A Celtic tribe living in modern day Switzerland, the Helvetii, were at the time under pressure themselves from various Germanic tribes in the area. Under their chieftan Orgetorix, they had planned a move from the Alps region to the west of modern France, or Aquitania. In order to make such a move, however, the Helvetians would have to march not only through Roman controlled territory, but that of the Roman allied Aedui tribe as well. Other Gallic Celts and people within the province of Gallia Narbonensis feared that the Helvetii wouldn't just move through as they proposed, but would plunder everything in their path as they went. Without question, Caesar opposed the idea and hastily recruited two more fresh legions in preparation.
Before the Helvetii marched however, Orgetorix died, but the planning for the move continued. Several other local tribes joined the Helvetti in lesser numbers making the entire force among the largest and most powerful in all of Gaul. In total, according to Caesar, nearly 370,000 tribesmen were gathered, of which about 260,000 were women, children and other non-combatants. Before leaving, the Helvetii burned their villages and destroyed what foodstuff and other commodities could not be taken along. The intention was to make certain that they continued to their destination against all odds.
After setting off, and disregarding Caesar's objection, the two forces inevitably met. After several skirmishes, Caesar, occupied the high ground with his six legions, and lured the enemy into a poorly matched battle. Somewhere near the Aedui capital of Bibracte, Caesar crushed the Helvetii, slaughtering the enemy wholesale with little regard for combat status. According to Caesar himself, of the 370,000 enemy present, only 130,000 survived the battle. In the next few days following the battle while chasing down the fleeing enemy, it seems that at least another 20,000 were killed. While the numbers may very well have been exaggerated, there is no doubt of the slaughter. In all, nearly 260,000 people including a great many women and children were reportedly killed. While today this may seem an atrocity, to the Roman people these Helvetii, seemingly mistaken for Germanics, were considered the barbaric enemy deserving of no better fate.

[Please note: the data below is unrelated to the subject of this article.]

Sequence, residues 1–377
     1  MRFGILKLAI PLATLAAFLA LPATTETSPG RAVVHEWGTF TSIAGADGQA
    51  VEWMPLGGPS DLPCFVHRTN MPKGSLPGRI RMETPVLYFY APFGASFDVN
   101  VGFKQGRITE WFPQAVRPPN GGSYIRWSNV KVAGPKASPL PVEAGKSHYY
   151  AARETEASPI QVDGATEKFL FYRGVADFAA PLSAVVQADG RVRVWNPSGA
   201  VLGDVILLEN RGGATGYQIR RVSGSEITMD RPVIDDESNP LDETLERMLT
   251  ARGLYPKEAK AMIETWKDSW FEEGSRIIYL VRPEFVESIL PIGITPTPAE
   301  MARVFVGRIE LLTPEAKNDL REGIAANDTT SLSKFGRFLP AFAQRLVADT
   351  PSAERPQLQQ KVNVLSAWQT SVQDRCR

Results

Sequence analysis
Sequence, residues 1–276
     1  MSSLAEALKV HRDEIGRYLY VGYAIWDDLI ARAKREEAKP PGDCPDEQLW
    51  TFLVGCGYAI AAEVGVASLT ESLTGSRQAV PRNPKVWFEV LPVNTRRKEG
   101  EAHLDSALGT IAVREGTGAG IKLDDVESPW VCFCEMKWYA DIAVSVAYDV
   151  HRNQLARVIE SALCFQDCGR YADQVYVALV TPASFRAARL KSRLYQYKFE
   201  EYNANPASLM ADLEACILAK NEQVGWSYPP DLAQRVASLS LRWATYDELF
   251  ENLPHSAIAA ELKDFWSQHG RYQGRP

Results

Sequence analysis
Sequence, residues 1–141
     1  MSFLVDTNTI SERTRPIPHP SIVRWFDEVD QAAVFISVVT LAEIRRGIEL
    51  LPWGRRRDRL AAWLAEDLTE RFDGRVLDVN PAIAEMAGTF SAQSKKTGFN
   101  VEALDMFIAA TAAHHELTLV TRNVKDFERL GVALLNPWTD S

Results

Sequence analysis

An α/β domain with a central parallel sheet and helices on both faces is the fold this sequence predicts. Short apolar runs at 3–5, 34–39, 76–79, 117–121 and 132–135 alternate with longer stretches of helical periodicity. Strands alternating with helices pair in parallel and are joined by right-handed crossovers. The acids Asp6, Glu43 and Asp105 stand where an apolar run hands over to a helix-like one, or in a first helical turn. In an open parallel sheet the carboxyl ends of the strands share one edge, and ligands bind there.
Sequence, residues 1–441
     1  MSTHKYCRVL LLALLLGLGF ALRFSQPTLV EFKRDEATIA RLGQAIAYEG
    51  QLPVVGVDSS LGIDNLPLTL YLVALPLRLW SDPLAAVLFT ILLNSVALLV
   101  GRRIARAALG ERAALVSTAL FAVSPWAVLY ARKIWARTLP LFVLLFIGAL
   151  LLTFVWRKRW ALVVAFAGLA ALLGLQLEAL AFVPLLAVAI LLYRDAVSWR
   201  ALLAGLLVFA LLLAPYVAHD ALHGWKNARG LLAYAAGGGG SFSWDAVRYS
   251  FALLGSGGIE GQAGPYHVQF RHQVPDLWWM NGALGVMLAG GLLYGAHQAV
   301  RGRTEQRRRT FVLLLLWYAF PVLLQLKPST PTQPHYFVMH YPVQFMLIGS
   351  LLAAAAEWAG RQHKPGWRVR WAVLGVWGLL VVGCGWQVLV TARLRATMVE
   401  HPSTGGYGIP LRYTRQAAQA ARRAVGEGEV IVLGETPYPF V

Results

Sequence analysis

Caesar's great victory left him with other problems however. First he forced the Helvetii back to their home land to prevent more Germanic incursions into what had become open land. Next he allowed the somewhat friendly or at least pacified Boii tribe to settle into a buffer zone with the Aedui and the Helvetii. The weakened state of these southern Gallic tribes, though, thanks to Caesar's conquest, left parts of Gaul open to Germanic incursions. A federation of tribal leaders came to Caesar to ask assistance against their old nemesis Ariovistus and his Suebi tribesmen. Certainly not noting the irony of his actions against the Helvetii, Caesar's own words describe the despair of one particular tribe, the Sequani, who faced the raids and occupation of Ariovistus. Seeing the obvious potential for further glory, under the pretense of responding to calls for help, he then took the opportunity to protect his Gallic 'friends'.